Singing skills for stroke patients at Harlow hospital

stroke patients at Princess Alexandra Hospital
Image caption Some of the stroke patients sing a number from the film Sister Act during a group meeting at hospital

A hospital is using the power of song to help stroke patients regain and improve their language skills.

Staff at Princess Alexandra Hospital in Harlow are encouraging patients to sing as part of their recovery.

Stroke experts at the hospital say different parts of the brain are used for speech and singing.

One of the patients, Angela, said she found it easier to sing words than to speak them. She said she had benefitted from the project.

A hospital spokesman said: "Many people suffering from stroke lose their power of speech or their ability to speak fluently.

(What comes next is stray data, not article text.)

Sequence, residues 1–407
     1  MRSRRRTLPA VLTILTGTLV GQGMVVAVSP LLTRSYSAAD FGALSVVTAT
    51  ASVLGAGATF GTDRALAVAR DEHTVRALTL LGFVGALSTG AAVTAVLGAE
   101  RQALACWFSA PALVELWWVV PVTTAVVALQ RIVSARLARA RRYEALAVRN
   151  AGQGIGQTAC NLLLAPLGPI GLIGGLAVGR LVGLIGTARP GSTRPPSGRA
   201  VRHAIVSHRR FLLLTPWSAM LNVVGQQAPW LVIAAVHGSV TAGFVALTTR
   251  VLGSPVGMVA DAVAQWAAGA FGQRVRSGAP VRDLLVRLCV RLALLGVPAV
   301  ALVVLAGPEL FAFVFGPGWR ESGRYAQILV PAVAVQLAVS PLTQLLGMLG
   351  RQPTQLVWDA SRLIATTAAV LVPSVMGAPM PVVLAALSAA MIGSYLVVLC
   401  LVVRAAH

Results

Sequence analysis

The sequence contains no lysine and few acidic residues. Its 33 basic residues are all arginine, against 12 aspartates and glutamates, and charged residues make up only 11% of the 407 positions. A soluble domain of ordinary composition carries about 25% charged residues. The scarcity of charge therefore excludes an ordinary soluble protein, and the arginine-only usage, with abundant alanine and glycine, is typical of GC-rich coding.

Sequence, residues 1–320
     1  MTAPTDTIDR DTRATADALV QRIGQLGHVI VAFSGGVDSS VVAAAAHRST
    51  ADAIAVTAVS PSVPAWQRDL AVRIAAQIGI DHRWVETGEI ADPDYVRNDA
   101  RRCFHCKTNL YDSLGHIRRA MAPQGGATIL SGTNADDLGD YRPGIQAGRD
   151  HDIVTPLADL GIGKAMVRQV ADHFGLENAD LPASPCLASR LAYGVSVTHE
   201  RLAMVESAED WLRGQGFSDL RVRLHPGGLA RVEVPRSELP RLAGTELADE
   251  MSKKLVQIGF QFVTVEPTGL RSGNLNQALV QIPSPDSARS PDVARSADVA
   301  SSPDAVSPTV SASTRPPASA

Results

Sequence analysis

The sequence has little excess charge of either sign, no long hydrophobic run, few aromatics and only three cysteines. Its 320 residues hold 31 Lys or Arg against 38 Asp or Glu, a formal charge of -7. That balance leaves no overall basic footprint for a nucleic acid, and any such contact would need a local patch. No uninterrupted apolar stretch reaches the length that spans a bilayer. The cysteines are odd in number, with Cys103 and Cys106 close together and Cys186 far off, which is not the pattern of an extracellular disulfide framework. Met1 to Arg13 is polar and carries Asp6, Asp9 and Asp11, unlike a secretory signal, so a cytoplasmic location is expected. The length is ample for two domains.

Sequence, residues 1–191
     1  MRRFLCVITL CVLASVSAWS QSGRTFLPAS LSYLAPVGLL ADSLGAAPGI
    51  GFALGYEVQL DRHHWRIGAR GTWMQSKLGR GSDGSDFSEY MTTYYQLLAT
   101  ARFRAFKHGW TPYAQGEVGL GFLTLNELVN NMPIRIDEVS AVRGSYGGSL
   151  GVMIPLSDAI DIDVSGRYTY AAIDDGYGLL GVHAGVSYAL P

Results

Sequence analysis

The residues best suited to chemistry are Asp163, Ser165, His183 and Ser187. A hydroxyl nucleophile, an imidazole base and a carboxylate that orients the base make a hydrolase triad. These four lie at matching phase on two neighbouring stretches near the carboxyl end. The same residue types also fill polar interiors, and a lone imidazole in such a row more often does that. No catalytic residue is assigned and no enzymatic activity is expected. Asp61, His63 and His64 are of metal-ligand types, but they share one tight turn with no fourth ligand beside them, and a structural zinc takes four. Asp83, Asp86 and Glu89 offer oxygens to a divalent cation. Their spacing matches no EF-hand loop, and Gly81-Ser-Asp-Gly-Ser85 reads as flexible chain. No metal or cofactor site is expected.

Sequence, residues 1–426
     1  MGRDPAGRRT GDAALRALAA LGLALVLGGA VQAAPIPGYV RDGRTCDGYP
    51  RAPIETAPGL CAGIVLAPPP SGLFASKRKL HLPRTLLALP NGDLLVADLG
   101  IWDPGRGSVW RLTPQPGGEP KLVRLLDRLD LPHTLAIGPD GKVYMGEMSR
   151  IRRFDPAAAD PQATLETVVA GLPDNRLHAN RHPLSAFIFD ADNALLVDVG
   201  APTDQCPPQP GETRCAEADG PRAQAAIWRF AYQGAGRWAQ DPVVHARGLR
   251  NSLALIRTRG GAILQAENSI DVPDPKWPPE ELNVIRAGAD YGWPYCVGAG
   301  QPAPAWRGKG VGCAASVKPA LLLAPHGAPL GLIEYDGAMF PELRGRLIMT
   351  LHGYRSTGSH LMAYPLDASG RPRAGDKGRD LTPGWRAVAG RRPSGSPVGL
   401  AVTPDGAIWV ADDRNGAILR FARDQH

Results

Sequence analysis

'Comes naturally'

"However, we are trying a technique which means they can communicate by singing. It uses a different part of the brain and it means by working on that side of the brain it helps them build up their speech function."

The singing sessions are used in the hospital's dedicated stroke support groups. At a recent meeting, some members dressed up as nuns and sang numbers from the film Sister Act during a lunch session.

Patsy Simons, a specialist stroke nurse, said: "You will find that a lot of stroke patients who lose the power of speech can do voluntary things like swearing or singing, it just comes naturally."

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